If customized keyboards for mobile devices are to be the next-gen interface for accessing the wider web – including information you’d normally turn to a search engine to find – then Microsoft today has stepped up its fight with Google with the rollout of a new version of its predictive keyboard app Word Flow. While the app previously offered intelligent word suggestions and support for one-handed typing, the new release now incorporates information from its Bing search engine into the experience, allowing users to look up information on restaurants, news, videos, weather, GIFs and more.
Word Flow was first launched on iOS earlier this spring, following its release on Windows’ own smartphone and desktop platforms. The app then supported what are now standard third-party keyboard features, like the ability to text via swipe, similar to the keyboard app Swype, or tapping on suggested words to speed up typing, for example.
What made it unique, however, was the one-handed typing mode which displays a wheel-like interface that pops off the side of the screen, allowing users to reach all the letters with just a thumb.
Shortly after its iOS debut, though, Google released its own third-party keyboard for Apple mobile devices, Gboard. Unlike Word Flow, its focus wasn’t only on making typing easier – it was about integrating the Google search engine into the keyboard itself. Gboard lets you easily search for things like flight times, news, restaurant and business listings, then just tap to add that information into your chat, or elsewhere. It included built-in GIF and emoji search, too.
In other words, it put the power of Google into the keyboard – the primary interface mobile owners use today to interact with their device.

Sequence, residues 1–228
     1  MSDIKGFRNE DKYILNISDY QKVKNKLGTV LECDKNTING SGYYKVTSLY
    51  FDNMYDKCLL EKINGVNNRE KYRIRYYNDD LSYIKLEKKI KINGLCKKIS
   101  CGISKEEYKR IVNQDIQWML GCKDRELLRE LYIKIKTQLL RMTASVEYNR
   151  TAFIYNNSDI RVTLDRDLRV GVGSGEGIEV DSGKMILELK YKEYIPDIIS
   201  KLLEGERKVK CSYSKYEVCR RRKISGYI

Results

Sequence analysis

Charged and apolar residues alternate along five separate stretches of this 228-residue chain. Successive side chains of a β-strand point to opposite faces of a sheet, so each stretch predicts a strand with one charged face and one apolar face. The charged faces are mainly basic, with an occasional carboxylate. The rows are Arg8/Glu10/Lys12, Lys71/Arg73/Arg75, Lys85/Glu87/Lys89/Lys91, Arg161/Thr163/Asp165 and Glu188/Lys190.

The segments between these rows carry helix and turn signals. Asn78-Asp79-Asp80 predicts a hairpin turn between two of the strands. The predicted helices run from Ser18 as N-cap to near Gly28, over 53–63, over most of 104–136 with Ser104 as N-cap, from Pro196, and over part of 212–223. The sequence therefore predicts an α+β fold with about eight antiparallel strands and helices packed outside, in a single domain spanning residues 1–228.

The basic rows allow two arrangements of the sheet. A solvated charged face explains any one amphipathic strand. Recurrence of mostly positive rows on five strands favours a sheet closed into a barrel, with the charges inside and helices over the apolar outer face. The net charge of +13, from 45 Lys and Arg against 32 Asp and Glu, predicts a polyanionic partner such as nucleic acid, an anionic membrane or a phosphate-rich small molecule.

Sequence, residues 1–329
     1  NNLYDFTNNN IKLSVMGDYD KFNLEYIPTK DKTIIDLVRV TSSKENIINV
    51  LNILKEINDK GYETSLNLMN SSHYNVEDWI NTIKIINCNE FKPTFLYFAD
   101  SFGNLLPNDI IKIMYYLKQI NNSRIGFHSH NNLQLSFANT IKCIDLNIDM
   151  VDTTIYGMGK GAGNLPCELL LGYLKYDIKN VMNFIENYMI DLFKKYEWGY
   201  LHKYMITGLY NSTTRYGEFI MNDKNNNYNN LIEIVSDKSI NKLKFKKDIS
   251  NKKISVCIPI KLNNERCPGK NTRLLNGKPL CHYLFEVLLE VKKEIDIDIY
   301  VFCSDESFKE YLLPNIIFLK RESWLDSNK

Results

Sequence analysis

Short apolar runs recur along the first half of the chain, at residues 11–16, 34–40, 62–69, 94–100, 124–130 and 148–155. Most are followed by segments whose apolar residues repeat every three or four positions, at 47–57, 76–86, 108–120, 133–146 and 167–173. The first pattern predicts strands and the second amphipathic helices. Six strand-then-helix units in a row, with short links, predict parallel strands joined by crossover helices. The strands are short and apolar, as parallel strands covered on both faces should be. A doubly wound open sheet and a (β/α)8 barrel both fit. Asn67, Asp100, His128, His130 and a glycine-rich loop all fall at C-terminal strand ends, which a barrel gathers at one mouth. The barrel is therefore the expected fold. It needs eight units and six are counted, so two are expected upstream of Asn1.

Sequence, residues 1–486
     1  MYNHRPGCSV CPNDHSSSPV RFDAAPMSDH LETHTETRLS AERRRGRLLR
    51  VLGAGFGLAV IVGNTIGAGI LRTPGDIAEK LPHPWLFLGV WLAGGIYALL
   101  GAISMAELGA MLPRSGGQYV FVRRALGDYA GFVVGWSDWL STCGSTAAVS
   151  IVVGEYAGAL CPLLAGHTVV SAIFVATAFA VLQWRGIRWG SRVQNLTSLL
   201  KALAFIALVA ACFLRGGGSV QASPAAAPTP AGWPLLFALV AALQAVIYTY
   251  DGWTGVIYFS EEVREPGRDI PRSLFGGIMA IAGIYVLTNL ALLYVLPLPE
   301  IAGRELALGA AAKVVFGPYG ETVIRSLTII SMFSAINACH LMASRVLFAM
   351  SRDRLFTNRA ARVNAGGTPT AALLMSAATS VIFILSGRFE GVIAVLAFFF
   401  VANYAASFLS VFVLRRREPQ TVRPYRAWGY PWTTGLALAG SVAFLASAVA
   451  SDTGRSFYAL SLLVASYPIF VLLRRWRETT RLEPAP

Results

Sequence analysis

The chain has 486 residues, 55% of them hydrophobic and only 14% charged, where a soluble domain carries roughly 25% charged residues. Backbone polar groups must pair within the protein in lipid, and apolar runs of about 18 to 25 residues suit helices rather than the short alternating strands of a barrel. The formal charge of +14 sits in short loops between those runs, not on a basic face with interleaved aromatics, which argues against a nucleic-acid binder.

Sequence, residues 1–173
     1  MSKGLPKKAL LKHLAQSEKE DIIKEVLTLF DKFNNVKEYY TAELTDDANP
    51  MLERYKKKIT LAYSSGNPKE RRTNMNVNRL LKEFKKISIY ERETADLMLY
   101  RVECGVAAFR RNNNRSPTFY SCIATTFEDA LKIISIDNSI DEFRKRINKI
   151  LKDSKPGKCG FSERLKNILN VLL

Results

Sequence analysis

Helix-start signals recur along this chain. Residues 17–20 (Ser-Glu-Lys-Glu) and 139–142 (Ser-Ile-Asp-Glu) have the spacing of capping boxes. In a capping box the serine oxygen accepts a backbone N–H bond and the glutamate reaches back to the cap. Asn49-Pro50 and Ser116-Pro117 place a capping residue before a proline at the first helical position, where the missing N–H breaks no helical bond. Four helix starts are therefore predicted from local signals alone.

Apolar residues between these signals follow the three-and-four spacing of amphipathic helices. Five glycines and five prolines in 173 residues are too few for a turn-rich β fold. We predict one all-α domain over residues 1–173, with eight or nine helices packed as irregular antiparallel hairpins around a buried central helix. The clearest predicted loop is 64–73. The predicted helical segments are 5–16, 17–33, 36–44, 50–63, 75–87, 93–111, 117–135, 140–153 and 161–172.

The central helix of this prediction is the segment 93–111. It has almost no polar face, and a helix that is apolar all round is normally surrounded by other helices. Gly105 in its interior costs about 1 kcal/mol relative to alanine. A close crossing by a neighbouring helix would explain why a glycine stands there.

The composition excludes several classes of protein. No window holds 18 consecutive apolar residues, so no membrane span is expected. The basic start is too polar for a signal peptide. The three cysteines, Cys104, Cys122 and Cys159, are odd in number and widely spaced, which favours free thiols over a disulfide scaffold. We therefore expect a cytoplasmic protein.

Now, Microsoft is doing the exact same thing. In version 2.0, out now, the app includes support for Bing, GIF and emoji search, too. It will even predictively suggest GIFs and other things from the web as you type, the company says.
The updated app allows you to look up information from the web, like news, videos, facts, weather forecasts, and more, and it can access your Address Book to find contacts more easily when you need to share a phone number.
Plus, when you find something you want to share with someone you’re chatting with, you can just tap it to send it into your message. If you don’t, the item will remain in your history until you remove it. This feature is nearly identical to how Gboard operates.
Version 2.0 has a few other minor improvements, too, like the ability to control the cursor placement via 3D Touch, various accuracy improvements, and support for the iOS text replacement function.
Developed by Microsoft’s internal R&D division, Microsoft Garage, the app is now one of several third-party keyboards the company has developed for mobile use. It also previously released Hub, which is focused on more multitasking and access to productivity apps like SharePoint and OneDrive; and it acquired the popular app SwiftKey earlier this year for $250 million, which recently debuted another application, aimed at predictive emoji search.
That being said, while both Microsoft and Google are hoping to find a new way to reach users through their keyboards, it’s not clear yet how many users are adopting these products as their primary keyboard on mobile. Word Flow, for example, is ranked #48 in the App Store’s Utilities category in the U.S., according to App Annie. That’s up from #78 just yesterday, and likely a boost due to the new release. Gboard is currently #54, and far behind Google’s Search app, which is #2.
Word Flow is a free download on the App Store, here. (The app is not working on the iOS 10 developer beta, however, so testers should avoid for now.)